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BAKER v. BALDWIN , 187 U.S. 61 (1902)

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United States Supreme Court


Argued: Decided: November 3, 1902

[187 U.S. 61, 62]   Messrs. Albert B. Hall and Fred A. Baker for plaintiff in error.

Mr. Timothy E. Tarsney for defendant in error.

Mr. Chief Justice Fuller delivered the opinion of the court:

This was a bill filed by Stephen Baldwin in the circuit court for the county of Oakland, Michigan, against Fred A. Baker, to compel the release of a mortgage given to secure payment of a promissory note for $330, dated January 12, 1894, and payable in three years thereafter.

Baldwin had purchased the land subject to the mortgage, which had been assigned to Baker, and tendered the amount due thereon in silver dollars coined after 1878. This tender Baker declined to accept on the ground that the legal tender provisions of the act of Congress of February 28, 1878, entitled 'An Act to Authorize the Coinage of the Standard Silver Dollar, and to Restore its Legal Tender Character' (20 Stat. at L. 25, chap. 20), were unconstitutional, and refused to discharge the mortgage as demanded by Baldwin.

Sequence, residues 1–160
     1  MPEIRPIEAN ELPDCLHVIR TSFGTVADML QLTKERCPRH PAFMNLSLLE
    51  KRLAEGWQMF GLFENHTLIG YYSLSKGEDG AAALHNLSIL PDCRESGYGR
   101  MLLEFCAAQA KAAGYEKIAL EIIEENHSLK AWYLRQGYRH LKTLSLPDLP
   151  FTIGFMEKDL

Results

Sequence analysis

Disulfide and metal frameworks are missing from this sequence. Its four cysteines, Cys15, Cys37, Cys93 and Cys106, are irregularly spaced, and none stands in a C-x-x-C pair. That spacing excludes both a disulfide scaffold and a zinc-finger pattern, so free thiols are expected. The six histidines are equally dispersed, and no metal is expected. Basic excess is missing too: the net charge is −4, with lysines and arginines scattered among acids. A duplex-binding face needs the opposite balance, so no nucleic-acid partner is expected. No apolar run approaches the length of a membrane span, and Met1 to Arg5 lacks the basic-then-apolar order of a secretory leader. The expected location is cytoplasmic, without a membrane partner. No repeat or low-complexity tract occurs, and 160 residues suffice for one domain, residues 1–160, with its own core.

The circuit court for Oakland county entered a decree in accordance with the prayer of the bill, and Baker carried the cause by appeal to the supreme court of Michigan, which affirmed the decree. Baldwin v. Baker, 121 Mich. 259, 80 N. W. 36. This writ of error was then allowed.

The supreme court of Michigan said: 'The sole question presented is whether the act in question, making the silver dollar of 412.5 grains troy of standard silver a full legal tender for all debts and dues, public and private, is constitutional;' and held that it was. That decision is assigned for error, but it was not a decision against the validity of the statute, and, on the contrary, sustained its validity. [187 U.S. 61, 63]   As our jurisdiction over the judgments and decrees of state courts in suits in which the validity of statutes of the United States is drawn in question can only be exercised, under 709 of the Revised Statutes,1 when the decision is against their validity, the writ of error cannot be maintained. Missouri v. Andriano, 138 U.S. 496 , 34 L. ed. 1012, 11 Sup. Ct. Rep. 385; Rae v. Homestead Loan & Guaranty Co. 176 U.S. 121 , 44 L. ed. 398, 20 Sup. Ct. Rep. 341.

Writ of error dismissed.


[ Footnote 1 ] U.S. Comp. St. 1901, p. 575.

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